NATO, EU Criticize Accord Between Russia and Breakaway Abkhazia Region
President Vladimir Putin shakes hands with Abkhazia's President Raul Khadzhimba during a signing ceremony at the Bocharov Ruchei state residence in Sochi, Nov. 24.
President Vladimir Putin's signing of a "strategic partnership" agreement with Georgia's breakaway region of Abkhazia has angered Tbilisi, which said Moscow was looking to annex the territory.
The agreement drew strong criticism from NATO and the European Union.
NATO Secretary-General Jens Stoltenberg said in a statement that the "so-called treaty," signed Monday, did not contribute to a peaceful and lasting settlement of the situation in Georgia and the Western alliance would not recognize it.
EU foreign policy chief Federica Mogherini said in a statement that the agreement violated Georgia's sovereignty and territorial integrity and was "detrimental to ongoing efforts to stabilize the security situation in the region."
Russia and Georgia fought a war in 2008 over Abkhazia and a twin region of South Ossetia, provoking the worst crisis between Moscow and the West since the fall of the Soviet Union.
Following the war, Moscow recognized Abkhazia and South Ossetia as independent countries. Monday's move comes just seven months after Russia annexed Ukraine's Crimea peninsula and threw its weight behind separatists battling in eastern Ukraine.
Putin and Abkhazia's leader Raul Khadzhimba signed the agreement in Sochi, the Black Sea resort across the Russian border from the separatist region.
Georgian Foreign Minister Tamar Beruchashvili denounced the move as a "step toward annexation of Abkhazia by the Russian Federation."
"The signing of this document will have a negative impact on the security situation in Georgia's occupied territories as well as in the broader context of European security," she said, adding that the deal infringed Georgia's territorial integrity.
Under the terms of Monday's accord, Putin said Russia would grant 5 billion rubles ($111.4 million) to Abkhazia, whose population of 240,000 comprises a mix of ethnic groups.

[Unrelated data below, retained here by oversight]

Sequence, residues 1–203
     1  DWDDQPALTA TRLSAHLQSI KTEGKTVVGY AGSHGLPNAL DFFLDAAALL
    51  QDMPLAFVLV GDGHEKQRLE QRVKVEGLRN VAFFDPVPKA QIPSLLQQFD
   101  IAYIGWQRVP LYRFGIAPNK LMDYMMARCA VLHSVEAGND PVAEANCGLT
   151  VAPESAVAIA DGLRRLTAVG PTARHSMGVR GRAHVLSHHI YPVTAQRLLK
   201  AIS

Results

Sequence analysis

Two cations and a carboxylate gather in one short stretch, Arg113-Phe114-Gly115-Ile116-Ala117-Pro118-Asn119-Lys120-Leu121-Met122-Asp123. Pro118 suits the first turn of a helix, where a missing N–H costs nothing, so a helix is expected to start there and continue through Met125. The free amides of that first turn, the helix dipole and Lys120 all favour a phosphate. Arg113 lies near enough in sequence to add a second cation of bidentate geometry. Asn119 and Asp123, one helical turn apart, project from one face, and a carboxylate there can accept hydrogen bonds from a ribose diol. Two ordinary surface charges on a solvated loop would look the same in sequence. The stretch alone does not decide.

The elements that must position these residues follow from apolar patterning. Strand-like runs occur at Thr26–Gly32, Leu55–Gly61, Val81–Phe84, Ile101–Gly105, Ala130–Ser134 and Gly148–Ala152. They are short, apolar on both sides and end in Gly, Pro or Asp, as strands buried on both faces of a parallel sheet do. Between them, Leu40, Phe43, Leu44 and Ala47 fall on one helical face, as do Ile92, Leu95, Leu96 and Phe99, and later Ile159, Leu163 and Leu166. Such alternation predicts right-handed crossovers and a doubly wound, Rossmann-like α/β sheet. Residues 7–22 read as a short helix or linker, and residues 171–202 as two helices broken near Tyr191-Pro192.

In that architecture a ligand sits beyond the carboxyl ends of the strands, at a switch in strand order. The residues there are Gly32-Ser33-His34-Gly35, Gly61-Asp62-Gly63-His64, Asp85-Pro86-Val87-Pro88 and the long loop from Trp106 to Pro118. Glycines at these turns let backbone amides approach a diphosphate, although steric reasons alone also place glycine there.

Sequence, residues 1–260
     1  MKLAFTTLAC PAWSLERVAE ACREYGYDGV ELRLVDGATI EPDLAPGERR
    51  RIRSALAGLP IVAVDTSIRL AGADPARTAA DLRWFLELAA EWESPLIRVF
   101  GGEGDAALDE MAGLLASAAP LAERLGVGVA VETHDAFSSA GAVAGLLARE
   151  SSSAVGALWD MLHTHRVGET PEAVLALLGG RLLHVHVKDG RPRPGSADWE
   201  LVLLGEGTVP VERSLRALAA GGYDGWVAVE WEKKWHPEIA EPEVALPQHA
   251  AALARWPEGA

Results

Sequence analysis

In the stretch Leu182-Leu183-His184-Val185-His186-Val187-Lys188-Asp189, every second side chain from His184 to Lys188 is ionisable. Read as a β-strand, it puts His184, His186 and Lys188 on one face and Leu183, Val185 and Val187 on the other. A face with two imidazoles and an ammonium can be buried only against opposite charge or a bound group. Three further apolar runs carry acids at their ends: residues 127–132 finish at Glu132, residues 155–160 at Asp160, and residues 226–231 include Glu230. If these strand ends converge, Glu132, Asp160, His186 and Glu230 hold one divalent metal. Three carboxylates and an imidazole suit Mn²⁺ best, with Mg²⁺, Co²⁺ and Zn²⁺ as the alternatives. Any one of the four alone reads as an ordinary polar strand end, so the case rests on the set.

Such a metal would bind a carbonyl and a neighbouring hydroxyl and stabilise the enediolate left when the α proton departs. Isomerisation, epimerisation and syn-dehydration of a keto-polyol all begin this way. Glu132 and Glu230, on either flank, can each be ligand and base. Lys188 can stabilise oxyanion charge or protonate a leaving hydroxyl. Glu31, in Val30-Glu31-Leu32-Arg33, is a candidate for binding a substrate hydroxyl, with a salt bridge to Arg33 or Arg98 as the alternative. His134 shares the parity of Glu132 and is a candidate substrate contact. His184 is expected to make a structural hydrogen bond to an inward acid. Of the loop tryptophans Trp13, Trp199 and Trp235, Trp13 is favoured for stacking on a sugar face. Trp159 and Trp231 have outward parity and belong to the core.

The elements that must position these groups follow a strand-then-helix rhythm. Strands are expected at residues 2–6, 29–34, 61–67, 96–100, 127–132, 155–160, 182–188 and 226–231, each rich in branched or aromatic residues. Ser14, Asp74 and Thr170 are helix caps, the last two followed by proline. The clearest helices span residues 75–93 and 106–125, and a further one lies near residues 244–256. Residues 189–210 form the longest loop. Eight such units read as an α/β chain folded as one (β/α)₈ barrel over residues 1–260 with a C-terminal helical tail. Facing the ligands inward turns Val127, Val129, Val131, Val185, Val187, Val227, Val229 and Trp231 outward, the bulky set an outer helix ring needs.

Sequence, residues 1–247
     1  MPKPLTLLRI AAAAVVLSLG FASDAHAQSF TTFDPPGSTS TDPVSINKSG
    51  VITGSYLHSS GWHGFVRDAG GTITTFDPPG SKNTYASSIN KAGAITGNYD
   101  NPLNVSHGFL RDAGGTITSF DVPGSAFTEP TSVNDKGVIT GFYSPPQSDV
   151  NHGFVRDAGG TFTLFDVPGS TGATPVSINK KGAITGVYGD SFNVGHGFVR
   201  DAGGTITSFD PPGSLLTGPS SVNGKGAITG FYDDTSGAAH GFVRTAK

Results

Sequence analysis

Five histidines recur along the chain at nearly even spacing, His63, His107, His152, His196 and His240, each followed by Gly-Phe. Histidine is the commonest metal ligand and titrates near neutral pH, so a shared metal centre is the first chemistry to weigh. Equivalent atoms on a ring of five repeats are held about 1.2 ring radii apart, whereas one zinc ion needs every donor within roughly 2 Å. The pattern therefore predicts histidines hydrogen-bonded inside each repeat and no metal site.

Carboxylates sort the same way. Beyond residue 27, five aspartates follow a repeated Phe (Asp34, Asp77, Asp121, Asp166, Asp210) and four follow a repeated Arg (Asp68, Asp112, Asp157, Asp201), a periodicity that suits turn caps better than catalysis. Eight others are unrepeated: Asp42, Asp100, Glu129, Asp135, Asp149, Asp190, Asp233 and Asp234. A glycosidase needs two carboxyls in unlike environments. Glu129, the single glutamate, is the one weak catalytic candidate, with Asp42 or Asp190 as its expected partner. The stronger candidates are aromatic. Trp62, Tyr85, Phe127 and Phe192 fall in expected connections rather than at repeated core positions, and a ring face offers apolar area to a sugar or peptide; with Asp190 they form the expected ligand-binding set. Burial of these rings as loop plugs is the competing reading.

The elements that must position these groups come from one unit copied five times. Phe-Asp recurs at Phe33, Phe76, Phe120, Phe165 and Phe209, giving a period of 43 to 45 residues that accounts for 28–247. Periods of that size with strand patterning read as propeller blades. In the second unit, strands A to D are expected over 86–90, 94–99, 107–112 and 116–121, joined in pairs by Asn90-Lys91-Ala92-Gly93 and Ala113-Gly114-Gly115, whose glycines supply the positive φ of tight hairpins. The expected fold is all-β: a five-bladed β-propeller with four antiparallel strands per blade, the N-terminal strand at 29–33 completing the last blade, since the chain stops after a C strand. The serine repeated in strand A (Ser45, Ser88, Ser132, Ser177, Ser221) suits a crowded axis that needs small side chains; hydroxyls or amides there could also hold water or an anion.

The agreement, posted on the Kremlin website, envisages a "joint defense and security space" and stipulates Russian "protection of the state border of the Republic of Abkhazia with Georgia."
It obliges Russia to facilitate "in every possible way" growing Abkhazia's international ties and promoting its global recognition.
Moscow would also ease requirements for Abkhazia residents to obtain Russian citizenship, but it has not voiced plans to annex the territory.
Georgian President Giorgi Margvelashvili called the agreement "absurd and illogical."
Some Georgian officials say Putin may now sign a similar deal with South Ossetia, which already depends on Russia's financial and political support, although it has less strategic, geographic importance for Moscow than Abkhazia.
Estonian Foreign Minister Keit Pentus-Rosimannus said Monday that the agreement manifests Russia's desire to annex a part of Georgia, according to a statement posted on the ministry's website.
Speaking at a meeting with her Swedish counterpart Margot Wallstrom in Stockholm, Pentus-Rosimannus said “the step is in violation of Georgia's sovereignty and territorial integrity and is contrary to international law, the commitment that Russia has made before the Council of Europe and to the so-called six-point peace plan.”